Three questions to: Madita Wehling, Sustainability Manager at Nordmann
Based on the United Nations Sustainable Development Goals (UN SDGs), sustainable management and business are two of Nordmann’s central corporate elements that form the foundation of our operations. This is why Nordmann implemented Madita Wehling as Sustainability Manager in 2022. We asked her three questions.
Why has Nordmann developed a Sustainability Program?
Nordmann has defined sustainability as an important part of its corporate strategy. Our Sustainability Program summarizes our most important goals and measures in this area. Our goal is not just to talk about sustainability, but to take action. For this reason, we tackle problems directly, step by step, and optimize our processes as we go. For this we rely not only on the support of our colleagues but also on that of our business partners. Nordmann's Sustainability Program is a cornerstone and serves as a guideline.
What does a Sustainability Manager actually do?
I am responsible for the implementation of our sustainability projects, which we as a company have defined in our sustainability strategy. This includes, for example, identifying, measuring and continuously improving KPIs (key performance indicators) and analyzing our processes. One of our current projects is to assess our carbon footprint so that we can derive meaningful measures to reduce it. I'm working closely with colleagues from our subsidiaries and external consultants on this.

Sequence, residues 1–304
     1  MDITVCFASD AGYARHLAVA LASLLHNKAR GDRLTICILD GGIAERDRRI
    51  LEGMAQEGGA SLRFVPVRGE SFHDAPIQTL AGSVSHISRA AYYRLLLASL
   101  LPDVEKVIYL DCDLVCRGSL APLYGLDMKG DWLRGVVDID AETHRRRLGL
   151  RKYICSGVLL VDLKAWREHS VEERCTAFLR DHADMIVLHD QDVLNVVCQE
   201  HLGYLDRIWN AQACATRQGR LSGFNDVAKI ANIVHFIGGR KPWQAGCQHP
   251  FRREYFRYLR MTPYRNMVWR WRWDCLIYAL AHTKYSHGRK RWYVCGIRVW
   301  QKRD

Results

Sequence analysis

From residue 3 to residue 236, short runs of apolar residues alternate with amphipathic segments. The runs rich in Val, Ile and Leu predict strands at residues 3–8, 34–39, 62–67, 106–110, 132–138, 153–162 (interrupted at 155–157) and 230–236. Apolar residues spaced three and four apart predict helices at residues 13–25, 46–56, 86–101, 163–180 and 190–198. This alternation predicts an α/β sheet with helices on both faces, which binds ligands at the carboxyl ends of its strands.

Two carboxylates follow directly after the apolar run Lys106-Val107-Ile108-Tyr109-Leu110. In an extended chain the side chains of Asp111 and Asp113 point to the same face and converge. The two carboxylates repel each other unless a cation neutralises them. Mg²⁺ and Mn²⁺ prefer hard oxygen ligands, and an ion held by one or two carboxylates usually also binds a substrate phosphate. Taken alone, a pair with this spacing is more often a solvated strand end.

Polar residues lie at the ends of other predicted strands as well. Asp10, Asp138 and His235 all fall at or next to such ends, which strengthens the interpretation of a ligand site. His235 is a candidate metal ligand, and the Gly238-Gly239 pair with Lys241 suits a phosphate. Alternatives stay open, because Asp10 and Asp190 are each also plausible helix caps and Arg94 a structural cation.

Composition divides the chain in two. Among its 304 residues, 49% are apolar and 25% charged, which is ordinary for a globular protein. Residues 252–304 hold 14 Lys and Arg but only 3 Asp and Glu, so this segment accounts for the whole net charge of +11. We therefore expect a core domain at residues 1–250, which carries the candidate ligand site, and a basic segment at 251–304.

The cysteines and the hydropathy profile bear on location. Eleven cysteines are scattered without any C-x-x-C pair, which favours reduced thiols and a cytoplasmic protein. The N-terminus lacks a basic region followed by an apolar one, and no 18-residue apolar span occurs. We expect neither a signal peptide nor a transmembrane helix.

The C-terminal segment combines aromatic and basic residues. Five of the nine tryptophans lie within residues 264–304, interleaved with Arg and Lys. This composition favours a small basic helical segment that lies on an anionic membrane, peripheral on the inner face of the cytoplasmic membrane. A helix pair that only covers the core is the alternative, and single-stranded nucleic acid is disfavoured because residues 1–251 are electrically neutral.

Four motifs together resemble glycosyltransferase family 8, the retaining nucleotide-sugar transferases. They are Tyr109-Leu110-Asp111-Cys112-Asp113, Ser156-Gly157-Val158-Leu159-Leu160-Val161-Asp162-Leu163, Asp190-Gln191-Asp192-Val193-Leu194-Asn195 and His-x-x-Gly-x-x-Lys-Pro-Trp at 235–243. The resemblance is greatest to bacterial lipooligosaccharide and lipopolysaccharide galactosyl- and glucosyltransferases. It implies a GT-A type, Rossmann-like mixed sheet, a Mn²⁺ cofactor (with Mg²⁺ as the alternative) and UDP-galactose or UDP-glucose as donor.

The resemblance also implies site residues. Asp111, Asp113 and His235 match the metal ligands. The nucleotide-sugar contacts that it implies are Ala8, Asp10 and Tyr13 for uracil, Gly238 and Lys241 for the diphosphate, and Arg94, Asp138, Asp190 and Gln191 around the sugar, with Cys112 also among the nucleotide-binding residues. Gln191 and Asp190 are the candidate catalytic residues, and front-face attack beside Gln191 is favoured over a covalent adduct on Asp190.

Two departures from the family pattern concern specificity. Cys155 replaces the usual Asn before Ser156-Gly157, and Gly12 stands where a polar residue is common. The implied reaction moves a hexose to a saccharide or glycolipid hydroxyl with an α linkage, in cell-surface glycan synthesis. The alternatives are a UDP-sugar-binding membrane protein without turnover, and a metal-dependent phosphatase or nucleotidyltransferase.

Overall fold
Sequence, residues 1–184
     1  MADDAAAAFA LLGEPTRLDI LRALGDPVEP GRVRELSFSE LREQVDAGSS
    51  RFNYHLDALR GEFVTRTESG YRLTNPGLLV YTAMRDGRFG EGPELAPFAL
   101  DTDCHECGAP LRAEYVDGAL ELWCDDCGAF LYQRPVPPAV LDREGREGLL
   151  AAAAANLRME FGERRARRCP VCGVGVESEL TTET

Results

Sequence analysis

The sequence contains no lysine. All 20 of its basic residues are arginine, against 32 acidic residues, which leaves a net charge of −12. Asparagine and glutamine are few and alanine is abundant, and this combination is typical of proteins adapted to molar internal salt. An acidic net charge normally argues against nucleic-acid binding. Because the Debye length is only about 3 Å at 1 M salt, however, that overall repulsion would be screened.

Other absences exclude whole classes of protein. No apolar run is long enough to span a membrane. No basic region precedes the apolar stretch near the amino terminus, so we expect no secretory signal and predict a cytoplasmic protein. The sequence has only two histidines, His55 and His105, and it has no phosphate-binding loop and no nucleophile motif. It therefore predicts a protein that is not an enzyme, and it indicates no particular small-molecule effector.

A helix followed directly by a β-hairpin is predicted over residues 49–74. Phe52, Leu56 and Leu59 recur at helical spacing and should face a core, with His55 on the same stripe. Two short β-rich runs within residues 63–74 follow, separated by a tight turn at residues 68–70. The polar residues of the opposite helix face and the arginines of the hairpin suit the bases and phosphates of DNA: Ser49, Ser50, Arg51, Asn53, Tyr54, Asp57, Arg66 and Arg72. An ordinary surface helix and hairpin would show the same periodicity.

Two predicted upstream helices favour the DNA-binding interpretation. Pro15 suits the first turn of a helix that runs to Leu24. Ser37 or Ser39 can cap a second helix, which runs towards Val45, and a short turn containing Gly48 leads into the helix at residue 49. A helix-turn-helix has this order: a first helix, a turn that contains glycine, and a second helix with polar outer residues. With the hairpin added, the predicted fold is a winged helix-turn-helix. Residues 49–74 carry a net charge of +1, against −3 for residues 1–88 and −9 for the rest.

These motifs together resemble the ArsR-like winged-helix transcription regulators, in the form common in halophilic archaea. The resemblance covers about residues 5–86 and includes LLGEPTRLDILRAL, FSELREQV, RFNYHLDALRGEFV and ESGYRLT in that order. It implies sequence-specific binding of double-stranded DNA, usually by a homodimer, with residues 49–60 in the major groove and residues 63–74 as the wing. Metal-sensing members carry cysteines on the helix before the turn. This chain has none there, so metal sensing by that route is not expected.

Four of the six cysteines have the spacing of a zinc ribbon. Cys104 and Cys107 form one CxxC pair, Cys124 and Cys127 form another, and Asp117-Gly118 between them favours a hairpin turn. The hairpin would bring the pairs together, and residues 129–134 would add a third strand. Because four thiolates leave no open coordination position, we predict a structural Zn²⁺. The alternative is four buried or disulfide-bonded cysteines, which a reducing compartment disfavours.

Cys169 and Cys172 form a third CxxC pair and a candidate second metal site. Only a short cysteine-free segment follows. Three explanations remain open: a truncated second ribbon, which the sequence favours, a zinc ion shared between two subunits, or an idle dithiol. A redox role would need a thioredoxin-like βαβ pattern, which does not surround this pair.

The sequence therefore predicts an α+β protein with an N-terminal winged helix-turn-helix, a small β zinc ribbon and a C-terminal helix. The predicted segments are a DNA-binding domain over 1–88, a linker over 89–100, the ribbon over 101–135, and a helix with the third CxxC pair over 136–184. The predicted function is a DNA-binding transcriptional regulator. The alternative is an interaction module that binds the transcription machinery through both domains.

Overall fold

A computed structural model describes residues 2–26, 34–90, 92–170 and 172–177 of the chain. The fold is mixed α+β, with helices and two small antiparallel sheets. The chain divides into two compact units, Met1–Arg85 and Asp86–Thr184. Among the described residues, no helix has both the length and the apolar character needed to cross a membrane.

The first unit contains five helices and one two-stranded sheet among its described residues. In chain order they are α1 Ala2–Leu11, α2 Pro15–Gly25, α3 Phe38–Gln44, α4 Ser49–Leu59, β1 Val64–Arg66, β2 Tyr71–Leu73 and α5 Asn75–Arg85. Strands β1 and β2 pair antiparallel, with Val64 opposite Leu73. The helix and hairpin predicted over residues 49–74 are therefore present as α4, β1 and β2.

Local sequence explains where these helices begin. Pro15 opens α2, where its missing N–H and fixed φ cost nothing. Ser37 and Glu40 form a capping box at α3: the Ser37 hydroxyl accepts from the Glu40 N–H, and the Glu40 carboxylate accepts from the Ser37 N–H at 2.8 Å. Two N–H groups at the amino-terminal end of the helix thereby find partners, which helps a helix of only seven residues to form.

On a personal level, what is particularly important to you?
I'm glad that awareness of the issue of sustainability has increased, both in a social and in an ecological context. In my opinion, it is not important for each individual to act 100% sustainably from the very beginning. It is much more important that as many people and companies as possible start to make more conscious decisions and directly implement the things that are easy to do and still have a big effect in the masses. For me, sustainability is a process that is optimized over time. Initial changes, even if they seem small, increase the likelihood that other decisions in everyday life and business will also be questioned.